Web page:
Evansville-Wichita St. Preview

ST. LOUIS (AP) – The last school to go unbeaten in the regular season, Saint Joseph’s in 2004, lost its first game in the Atlantic 10 tournament by 20 points to Xavier.

Wichita State coach Gregg Marshall plans on throwing that factoid at his players before they face Evansville on Friday in the quarterfinals of the Missouri Valley Conference tournament. The reminder: No one’s invincible.

It’s also not the end of the world if the Shockers lose. After dropping that tournament opener following a nine-day layoff, top-seeded St. Joseph’s advanced to the East Regional final in 2004 before losing to Oklahoma State by two points.

”They know they have to play well, and I probably will mention it,” Marshall said. ”I’m very upfront with them. Yeah, I’ll let them know that.”

Indiana State (21-9), Northern Iowa (16-14) and Missouri State (19-11) are the Nos. 2, 3 and 4 seeds in a field with one marquee entrant playing for a potential No. 1 NCAA tournament seed and the rest needing to win out to earn the Valley’s automatic bid.

The second-ranked Shockers are 31-0 and went 18-0 in conference action, beating every team twice. They’re the No. 1 seed for the second time in three years as they start tournament play against No. 9 seed Evansville (14-18), which beat Drake 69-61 in the first round Thursday night.

Northern Iowa has won three in a row and sixth seed Southern Illinois has won three of four. The Shockers are not worried about what happened a decade ago, just looking to get that hot hand in a tournament that’s often wide open. In 23 years in St. Louis, just seven top seeds have won the tourney.

Indiana State has its best seed since the 2000 team was No. 1, but the Sycamores have lost three in a row. Missouri State has won two of three but lost in the regular-season finale by 23 at Wichita State on Saturday.

The Aces have history against them Friday. Since the tournament expanded to all 10 teams in 1997, play-in winners are 1-32 in the quarterfinals.

Earlier this week, Wichita State cleaned up off the court with sophomore point guard Fred VanVleet beating teammates Cleanthony Early and Ron Baker for conference player of the year. It’s the first time a school swept the top three spots.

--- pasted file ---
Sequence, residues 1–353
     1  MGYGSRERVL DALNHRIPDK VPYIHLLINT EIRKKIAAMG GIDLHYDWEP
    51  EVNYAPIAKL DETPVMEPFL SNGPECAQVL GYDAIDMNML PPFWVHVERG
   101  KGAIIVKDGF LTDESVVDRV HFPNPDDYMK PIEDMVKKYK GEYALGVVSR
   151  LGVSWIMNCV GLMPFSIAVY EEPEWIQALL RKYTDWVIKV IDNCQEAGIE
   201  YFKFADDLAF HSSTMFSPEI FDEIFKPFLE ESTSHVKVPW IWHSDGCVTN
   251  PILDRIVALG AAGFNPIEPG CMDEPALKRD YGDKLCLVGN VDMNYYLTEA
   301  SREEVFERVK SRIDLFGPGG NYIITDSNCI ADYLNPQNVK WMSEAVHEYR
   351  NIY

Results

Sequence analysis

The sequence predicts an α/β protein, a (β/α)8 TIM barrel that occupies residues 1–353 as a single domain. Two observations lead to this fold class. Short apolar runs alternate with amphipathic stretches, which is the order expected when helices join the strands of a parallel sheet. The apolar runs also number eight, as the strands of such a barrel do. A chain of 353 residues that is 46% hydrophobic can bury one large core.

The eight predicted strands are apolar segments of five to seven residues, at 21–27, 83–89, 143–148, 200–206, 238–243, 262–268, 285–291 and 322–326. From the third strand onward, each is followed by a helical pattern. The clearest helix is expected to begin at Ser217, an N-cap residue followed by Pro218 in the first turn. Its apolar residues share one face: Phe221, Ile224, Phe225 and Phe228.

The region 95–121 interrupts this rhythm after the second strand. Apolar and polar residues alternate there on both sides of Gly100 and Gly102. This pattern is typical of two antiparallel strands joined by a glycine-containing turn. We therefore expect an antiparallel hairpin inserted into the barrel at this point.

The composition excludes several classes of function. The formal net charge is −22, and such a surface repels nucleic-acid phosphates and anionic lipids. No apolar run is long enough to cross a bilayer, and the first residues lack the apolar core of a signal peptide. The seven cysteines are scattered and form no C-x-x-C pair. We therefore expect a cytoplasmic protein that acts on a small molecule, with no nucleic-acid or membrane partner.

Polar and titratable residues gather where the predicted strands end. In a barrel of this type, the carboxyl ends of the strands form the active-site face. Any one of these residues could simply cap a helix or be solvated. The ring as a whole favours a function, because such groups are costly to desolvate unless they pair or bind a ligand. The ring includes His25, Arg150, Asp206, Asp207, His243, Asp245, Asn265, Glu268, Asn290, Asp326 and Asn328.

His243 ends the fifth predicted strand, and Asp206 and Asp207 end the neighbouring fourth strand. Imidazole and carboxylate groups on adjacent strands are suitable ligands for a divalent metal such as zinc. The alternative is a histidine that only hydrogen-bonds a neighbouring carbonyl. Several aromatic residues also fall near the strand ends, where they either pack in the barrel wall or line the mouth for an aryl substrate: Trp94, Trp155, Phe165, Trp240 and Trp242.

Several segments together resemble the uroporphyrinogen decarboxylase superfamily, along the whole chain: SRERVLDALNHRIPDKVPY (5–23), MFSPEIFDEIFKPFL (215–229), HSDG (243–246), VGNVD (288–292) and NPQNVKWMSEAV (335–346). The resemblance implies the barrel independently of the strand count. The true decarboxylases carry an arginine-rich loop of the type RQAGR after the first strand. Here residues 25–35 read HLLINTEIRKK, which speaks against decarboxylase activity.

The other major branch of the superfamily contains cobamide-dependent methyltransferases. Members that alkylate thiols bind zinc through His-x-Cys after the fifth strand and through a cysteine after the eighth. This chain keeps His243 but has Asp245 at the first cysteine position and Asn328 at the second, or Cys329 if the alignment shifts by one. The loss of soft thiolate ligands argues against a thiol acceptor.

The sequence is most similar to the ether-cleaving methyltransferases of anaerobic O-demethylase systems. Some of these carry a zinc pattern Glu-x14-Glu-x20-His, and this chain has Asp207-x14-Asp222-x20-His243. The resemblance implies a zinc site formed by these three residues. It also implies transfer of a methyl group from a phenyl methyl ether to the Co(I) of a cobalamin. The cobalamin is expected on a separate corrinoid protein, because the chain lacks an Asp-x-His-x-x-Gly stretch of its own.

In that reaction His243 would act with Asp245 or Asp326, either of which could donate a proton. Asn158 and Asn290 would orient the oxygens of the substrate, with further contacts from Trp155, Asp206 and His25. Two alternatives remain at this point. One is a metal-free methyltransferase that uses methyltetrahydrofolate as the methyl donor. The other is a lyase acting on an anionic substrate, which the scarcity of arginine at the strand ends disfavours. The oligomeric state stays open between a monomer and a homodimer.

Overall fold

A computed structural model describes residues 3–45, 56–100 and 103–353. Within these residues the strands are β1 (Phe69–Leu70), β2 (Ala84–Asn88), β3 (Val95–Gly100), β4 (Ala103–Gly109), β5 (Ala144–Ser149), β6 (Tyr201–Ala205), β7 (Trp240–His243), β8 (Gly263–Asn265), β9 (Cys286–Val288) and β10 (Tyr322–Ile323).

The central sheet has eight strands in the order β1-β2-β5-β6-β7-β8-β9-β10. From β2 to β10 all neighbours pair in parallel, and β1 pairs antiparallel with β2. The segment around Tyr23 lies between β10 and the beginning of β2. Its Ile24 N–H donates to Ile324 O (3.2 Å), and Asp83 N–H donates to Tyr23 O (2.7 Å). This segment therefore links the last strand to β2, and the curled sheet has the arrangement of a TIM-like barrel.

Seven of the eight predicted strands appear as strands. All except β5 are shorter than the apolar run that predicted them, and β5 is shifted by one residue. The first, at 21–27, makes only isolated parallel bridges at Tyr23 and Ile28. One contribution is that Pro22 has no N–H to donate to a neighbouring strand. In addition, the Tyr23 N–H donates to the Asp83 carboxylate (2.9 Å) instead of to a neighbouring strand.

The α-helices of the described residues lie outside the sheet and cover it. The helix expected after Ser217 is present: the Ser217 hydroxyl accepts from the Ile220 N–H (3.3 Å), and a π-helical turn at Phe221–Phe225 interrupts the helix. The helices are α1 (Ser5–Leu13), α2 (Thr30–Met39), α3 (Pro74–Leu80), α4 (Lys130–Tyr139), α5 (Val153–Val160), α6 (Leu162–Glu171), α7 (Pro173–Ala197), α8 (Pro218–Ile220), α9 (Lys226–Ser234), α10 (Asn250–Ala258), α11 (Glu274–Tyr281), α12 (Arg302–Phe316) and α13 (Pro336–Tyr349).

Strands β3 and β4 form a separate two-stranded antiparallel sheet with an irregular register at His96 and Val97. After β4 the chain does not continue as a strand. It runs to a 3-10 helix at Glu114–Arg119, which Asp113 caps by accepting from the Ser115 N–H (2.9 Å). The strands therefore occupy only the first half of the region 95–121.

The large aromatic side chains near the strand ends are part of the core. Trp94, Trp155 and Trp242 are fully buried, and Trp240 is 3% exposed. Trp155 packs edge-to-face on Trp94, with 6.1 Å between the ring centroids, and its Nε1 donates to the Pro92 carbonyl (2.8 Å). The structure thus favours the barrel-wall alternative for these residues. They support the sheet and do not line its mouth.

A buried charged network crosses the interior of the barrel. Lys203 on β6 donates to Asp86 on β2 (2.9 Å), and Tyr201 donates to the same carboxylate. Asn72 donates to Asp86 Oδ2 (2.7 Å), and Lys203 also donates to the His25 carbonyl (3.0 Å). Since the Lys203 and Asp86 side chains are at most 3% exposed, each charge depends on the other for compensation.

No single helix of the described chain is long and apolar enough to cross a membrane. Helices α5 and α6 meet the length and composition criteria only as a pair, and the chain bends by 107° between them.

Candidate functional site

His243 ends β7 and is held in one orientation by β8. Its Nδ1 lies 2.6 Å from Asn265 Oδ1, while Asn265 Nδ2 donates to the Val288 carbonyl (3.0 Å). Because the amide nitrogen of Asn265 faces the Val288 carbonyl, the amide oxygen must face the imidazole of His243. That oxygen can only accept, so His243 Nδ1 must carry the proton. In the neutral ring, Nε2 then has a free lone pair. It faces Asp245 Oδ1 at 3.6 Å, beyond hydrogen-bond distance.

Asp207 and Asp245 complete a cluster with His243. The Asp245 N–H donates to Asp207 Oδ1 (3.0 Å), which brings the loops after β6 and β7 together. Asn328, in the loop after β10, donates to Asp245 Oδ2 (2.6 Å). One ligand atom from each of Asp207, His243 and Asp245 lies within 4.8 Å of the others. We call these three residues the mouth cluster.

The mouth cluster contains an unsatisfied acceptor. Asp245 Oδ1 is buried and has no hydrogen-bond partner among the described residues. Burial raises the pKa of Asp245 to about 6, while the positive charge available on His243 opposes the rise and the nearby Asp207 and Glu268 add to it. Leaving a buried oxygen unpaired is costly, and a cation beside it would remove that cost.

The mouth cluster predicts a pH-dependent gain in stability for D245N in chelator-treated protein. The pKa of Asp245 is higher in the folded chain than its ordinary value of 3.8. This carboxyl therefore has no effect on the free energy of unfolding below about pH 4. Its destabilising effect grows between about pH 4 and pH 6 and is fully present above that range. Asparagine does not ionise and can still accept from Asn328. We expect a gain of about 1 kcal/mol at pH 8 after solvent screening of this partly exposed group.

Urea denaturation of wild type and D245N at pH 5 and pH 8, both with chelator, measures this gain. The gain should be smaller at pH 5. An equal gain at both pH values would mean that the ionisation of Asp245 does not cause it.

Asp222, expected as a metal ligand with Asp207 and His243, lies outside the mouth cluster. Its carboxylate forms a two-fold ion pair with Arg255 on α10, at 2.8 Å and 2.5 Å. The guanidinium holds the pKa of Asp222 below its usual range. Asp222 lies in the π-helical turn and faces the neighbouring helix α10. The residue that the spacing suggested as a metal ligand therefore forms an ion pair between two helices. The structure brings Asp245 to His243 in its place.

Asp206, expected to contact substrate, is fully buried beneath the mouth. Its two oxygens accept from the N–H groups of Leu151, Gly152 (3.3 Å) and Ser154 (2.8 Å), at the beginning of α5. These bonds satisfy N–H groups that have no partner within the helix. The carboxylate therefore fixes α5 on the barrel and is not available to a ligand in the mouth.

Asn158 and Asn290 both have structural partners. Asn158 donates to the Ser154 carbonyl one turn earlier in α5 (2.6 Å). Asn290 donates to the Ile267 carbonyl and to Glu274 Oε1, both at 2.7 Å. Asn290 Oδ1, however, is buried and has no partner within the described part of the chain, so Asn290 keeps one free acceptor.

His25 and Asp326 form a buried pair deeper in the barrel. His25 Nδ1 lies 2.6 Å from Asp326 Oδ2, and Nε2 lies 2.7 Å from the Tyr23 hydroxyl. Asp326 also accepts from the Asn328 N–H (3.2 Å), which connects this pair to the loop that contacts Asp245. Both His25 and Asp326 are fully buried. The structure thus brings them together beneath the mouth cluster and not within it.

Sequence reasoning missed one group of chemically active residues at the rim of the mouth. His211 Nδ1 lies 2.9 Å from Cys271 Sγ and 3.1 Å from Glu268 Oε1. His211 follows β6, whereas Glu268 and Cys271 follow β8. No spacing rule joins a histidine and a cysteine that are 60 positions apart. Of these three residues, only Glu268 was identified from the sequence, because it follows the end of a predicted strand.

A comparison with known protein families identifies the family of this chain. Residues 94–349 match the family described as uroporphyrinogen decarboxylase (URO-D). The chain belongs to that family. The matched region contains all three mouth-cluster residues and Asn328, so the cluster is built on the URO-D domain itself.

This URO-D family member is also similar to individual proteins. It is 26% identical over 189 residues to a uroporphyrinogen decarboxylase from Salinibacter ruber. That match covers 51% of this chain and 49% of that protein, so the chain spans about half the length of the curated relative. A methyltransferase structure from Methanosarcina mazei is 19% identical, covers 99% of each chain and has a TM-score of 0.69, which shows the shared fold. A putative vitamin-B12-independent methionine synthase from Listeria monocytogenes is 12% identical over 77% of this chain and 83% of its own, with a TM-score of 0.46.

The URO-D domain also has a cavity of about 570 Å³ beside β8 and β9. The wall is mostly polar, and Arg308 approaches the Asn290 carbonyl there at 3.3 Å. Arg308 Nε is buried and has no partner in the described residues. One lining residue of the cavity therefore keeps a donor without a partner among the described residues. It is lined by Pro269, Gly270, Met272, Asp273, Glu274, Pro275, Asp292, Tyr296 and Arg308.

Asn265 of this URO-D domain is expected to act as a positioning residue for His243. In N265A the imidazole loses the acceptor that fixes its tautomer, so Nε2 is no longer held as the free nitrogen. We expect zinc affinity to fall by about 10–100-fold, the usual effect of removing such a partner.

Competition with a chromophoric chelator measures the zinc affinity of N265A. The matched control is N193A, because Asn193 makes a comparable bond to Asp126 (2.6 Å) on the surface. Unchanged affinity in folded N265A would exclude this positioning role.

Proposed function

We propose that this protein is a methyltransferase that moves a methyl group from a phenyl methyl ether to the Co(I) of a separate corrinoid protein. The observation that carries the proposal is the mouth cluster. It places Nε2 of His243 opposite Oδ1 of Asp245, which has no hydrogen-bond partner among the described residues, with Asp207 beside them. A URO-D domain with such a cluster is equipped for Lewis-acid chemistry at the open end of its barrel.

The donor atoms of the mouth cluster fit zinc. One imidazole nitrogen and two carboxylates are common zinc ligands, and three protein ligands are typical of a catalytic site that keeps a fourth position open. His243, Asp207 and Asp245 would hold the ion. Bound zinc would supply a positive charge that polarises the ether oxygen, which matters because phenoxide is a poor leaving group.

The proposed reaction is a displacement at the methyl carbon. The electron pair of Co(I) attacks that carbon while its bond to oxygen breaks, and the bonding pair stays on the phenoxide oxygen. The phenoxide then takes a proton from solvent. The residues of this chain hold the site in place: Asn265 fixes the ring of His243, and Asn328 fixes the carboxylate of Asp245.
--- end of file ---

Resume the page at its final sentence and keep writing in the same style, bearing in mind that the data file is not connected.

Early leads the Shockers with 15.8 points per game, followed by Baker (13.1) and VanVleet (11.9), who topped the conference with an average of 5.3 assists and an assist-to-turnover ratio of 4.00 that ranks fourth in the nation.

Marshall was a near unanimous choice as MVC coach of the year for the third straight season.

He believes the Shockers have already done enough for a No. 1 seed in the NCAAs, but noted ”my opinion doesn’t count for much.”

”Regardless, I really don’t think it matters,” Marshall added. ”It’s who’s playing the best in those pivotal games in late March and April.”

Wichita State made the Final Four as a No. 9 seed last spring, getting an at-large bid after losing in the conference championship to Creighton as the No. 2 seed. The Shockers last won the conference tournament in 1987 and lost in the semifinals both times they’ve been the No. 1 seed previously, in 2006 and 2012.

This may be the year, considering all but six of their victories are by double digits. The closest call was a three-point overtime win at Missouri State on Jan. 11, and in December they had a pair of five-point wins at Saint Louis and Alabama.

So far, Marshall has been able to keep everyone happy. All are sharing in the success.

”That’s what we’ve got, talented guys who are team-first,” Marshall said. ”Our guys are unbelievable.”

Sophomore center Egidijus Mockevicius tied a career-high with 19 points, had a career-best eight blocks and grabbed 10 rebounds for Evansville in the opening round Thursday.

D.J. Balentine, seventh in the nation with 22.5 points per game, scored 30 as the Aces won their third straight.

Wichita State took both meetings with Evansville this season after the Aces handed the Shockers two of their nine losses in 2012-13.